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This is the VOA Special English Agriculture Report.
Valentine's Day, February fourteenth, is one of the biggest days of the year for lovers of chocolate. Americans were expected to spend more than one billion dollars on chocolates and other candies for their sweethearts this year. But the chocolate industry worries that prices for its sweets could rise in the years ahead. Susan Smith is a spokeswoman for the National Confectioners Association, a trade group for the candy, chocolate and gum industries. She says, "They're very aware that an everyday candy product needs to be an affordable treat."
Americans buy more than eighteen billion dollars worth of chocolate each year. But keeping chocolate at prices that people can afford may be a challenge in the future.
Demand is growing, especially in Asia. More people in Asia are developing a taste for chocolate, and have more money to buy it. The chocolate industry worries that supply will not keep up with demand.
Cocoa is the main ingredient in chocolate. Millions of poor farmers in West Africa grow about seventy percent of the world's cocoa. Each farmer has just a few hectares of land. "And they don't have a lot of additional capital. They may not have the management skills that are required to actually do a better job." So says Lyndel Meinhardt. He supervises cocoa research at the United States Department of Agriculture. Mr. Meinhardt says these farmers often do not have the money to buy fertilizers that would increase their productivity.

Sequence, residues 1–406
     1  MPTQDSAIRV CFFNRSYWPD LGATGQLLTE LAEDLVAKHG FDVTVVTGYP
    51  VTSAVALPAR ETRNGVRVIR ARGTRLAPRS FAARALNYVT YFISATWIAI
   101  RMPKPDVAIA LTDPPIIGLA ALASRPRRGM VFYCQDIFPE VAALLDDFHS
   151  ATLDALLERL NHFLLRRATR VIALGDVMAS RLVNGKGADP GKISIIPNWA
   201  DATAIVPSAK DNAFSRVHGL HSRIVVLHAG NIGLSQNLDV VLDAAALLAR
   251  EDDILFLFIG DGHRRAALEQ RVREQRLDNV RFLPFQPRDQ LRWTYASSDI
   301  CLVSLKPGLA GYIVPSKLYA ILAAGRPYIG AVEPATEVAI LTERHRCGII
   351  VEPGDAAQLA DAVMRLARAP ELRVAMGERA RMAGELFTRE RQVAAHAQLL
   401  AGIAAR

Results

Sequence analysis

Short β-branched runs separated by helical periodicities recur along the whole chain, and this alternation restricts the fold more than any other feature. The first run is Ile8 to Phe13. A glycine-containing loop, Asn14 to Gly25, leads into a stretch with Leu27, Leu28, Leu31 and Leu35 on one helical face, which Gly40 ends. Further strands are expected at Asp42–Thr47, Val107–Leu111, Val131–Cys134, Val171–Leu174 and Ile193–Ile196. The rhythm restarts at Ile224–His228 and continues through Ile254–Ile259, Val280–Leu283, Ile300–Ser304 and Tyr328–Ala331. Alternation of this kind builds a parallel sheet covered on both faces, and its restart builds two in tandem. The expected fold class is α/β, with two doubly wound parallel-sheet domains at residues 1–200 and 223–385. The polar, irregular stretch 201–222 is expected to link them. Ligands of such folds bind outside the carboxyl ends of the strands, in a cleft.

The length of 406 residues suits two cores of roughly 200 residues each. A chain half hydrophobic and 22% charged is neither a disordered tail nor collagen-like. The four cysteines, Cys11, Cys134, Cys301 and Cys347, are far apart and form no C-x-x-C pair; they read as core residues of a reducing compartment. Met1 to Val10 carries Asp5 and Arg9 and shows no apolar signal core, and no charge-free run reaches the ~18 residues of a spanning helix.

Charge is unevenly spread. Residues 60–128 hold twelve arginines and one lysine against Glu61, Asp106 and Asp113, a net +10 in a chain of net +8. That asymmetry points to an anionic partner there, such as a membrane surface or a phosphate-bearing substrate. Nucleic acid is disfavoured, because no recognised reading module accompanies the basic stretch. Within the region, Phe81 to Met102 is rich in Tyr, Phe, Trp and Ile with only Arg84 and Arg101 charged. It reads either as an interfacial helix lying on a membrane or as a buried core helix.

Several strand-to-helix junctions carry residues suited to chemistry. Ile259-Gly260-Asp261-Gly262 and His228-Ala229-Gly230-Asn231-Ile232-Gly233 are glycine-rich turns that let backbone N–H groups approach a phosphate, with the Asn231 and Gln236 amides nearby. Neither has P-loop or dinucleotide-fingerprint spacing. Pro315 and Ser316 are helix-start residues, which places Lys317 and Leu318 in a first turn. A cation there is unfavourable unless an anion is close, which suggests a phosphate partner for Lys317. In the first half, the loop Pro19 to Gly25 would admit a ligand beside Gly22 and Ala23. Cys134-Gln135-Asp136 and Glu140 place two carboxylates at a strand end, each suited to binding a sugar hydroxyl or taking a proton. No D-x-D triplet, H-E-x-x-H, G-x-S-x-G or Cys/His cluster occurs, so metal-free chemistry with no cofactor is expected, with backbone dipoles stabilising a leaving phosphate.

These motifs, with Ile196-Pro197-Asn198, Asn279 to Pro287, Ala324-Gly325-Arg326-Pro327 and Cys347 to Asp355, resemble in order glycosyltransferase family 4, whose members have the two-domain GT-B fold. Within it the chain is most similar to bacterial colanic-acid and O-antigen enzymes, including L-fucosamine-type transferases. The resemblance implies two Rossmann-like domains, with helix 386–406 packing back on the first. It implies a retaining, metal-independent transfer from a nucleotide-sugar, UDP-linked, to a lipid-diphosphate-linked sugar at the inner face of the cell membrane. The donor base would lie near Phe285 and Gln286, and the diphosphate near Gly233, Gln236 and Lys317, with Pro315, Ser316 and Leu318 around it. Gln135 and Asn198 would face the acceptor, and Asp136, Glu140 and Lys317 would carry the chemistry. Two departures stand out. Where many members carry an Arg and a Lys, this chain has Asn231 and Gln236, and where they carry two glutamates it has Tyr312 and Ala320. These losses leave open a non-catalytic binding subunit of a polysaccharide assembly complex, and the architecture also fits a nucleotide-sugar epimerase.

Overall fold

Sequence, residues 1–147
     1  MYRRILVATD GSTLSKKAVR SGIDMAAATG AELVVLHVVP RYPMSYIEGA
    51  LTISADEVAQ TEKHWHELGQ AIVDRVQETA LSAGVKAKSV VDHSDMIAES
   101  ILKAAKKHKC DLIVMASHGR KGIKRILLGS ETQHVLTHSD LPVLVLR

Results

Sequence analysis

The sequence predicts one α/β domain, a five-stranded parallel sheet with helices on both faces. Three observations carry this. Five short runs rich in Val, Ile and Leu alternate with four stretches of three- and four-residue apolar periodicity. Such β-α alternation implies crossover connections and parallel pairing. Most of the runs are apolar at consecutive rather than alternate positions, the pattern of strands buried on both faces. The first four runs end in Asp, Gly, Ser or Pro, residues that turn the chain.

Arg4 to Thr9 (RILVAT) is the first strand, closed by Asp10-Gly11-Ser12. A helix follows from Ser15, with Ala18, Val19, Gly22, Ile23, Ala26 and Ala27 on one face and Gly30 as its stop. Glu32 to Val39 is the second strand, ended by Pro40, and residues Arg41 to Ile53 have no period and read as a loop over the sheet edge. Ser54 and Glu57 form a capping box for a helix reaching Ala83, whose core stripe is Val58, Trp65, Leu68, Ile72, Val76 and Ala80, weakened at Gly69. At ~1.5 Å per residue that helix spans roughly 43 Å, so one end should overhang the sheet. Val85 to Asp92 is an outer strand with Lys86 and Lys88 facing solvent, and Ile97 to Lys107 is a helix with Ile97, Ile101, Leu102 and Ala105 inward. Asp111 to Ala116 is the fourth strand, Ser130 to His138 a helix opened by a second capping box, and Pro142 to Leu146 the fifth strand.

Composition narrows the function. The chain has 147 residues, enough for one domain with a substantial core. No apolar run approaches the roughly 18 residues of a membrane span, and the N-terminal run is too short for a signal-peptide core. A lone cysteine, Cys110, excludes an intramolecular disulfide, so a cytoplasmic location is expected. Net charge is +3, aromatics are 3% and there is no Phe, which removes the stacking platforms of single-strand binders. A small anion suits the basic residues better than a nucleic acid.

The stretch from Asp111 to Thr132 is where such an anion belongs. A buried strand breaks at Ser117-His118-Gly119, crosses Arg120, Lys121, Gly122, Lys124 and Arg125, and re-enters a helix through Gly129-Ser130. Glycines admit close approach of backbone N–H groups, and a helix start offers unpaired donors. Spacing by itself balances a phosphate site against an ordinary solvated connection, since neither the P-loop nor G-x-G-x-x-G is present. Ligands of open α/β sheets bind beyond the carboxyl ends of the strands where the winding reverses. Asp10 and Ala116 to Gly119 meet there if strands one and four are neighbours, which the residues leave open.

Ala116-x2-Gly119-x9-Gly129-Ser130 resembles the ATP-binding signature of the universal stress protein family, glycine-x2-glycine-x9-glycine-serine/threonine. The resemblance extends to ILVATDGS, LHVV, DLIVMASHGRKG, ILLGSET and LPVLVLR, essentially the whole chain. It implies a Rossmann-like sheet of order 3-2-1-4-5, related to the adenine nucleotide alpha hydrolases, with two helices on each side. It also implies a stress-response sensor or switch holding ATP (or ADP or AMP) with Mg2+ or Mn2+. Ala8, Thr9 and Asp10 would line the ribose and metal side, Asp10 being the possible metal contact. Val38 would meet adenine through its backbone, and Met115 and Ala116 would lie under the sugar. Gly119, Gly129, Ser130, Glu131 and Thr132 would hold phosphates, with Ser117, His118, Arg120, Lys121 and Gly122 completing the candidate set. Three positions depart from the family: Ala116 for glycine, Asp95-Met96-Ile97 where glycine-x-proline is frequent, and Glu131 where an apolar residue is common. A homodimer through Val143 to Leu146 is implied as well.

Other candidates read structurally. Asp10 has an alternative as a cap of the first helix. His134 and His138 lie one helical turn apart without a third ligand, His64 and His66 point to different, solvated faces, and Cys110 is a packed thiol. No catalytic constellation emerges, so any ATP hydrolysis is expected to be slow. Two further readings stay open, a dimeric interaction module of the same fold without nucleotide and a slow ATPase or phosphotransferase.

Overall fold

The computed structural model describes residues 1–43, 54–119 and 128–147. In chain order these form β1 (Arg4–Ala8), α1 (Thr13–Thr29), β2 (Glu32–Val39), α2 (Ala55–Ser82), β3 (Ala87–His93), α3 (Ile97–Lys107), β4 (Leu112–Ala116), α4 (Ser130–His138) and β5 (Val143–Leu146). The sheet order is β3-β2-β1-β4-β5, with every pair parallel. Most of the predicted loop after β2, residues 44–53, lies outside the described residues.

And Sona Ebai with the World Cocoa Foundation says when the land stops producing, farmers just clear more land. Deforestation in West Africa is largely the result of so-called slash-and-burn agriculture for cocoa and other crops. Mr. Ebai, a senior technical adviser, says economic forces are not the only problems facing cocoa farmers. Experts say pests and diseases destroy thirty to forty percent of the world's cocoa crop each year.
The chocolate industry needs farmers to produce more cocoa to meet the growing demand. Small-scale farmers need help to increase their productivity and lift themselves out of poverty, without destroying more rainforest. And West African governments want to help an industry worth eight billion dollars a year. Sona Ebai says all sides are working together to seek solutions. "For the first time, farmers, processors, chocolate multinationals, civil society are working to make sure that the cocoa economy in the world is sustainable -- everybody chipping in to make it stay that way."